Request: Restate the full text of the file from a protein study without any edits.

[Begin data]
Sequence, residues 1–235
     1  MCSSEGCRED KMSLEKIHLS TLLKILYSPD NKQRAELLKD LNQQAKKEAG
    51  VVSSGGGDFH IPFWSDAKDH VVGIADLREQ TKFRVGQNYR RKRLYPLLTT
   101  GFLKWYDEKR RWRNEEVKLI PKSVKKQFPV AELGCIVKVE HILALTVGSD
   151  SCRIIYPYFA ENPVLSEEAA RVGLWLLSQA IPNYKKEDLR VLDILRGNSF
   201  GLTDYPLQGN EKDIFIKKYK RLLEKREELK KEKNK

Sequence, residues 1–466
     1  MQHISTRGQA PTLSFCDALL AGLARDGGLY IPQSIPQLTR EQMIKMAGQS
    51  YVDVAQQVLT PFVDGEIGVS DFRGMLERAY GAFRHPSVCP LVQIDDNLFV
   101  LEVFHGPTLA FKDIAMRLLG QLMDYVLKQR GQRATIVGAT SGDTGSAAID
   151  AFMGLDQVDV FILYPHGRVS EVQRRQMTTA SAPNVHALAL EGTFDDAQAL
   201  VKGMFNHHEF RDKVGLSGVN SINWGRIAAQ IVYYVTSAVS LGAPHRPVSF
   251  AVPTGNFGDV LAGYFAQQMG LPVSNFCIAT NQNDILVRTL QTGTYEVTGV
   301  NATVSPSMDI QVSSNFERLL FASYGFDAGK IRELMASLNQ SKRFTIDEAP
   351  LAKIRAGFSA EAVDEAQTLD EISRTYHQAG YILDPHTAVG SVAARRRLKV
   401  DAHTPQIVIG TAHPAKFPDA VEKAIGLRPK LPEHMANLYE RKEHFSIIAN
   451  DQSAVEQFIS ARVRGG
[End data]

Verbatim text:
Sequence, residues 1–235
     1  MCSSEGCRED KMSLEKIHLS TLLKILYSPD NKQRAELLKD LNQQAKKEAG
    51  VVSSGGGDFH IPFWSDAKDH VVGIADLREQ TKFRVGQNYR RKRLYPLLTT
   101  GFLKWYDEKR RWRNEEVKLI PKSVKKQFPV AELGCIVKVE HILALTVGSD
   151  SCRIIYPYFA ENPVLSEEAA RVGLWLLSQA IPNYKKEDLR VLDILRGNSF
   201  GLTDYPLQGN EKDIFIKKYK RLLEKREELK KEKNK

Sequence, residues 1–466
     1  MQHISTRGQA PTLSFCDALL AGLARDGGLY IPQSIPQLTR EQMIKMAGQS
    51  YVDVAQQVLT PFVDGEIGVS DFRGMLERAY GAFRHPSVCP LVQIDDNLFV
   101  LEVFHGPTLA FKDIAMRLLG QLMDYVLKQR GQRATIVGAT SGDTGSAAID
   151  AFMGLDQVDV FILYPHGRVS EVQRRQMTTA SAPNVHALAL EGTFDDAQAL
   201  VKGMFNHHEF RDKVGLSGVN SINWGRIAAQ IVYYVTSAVS LGAPHRPVSF
   251  AVPTGNFGDV LAGYFAQQMG LPVSNFCIAT NQNDILVRTL QTGTYEVTGV
   301  NATVSPSMDI QVSSNFERLL FASYGFDAGK IRELMASLNQ SKRFTIDEAP
   351  LAKIRAGFSA EAVDEAQTLD EISRTYHQAG YILDPHTAVG SVAARRRLKV
   401  DAHTPQIVIG TAHPAKFPDA VEKAIGLRPK LPEHMANLYE RKEHFSIIAN
   451  DQSAVEQFIS ARVRGG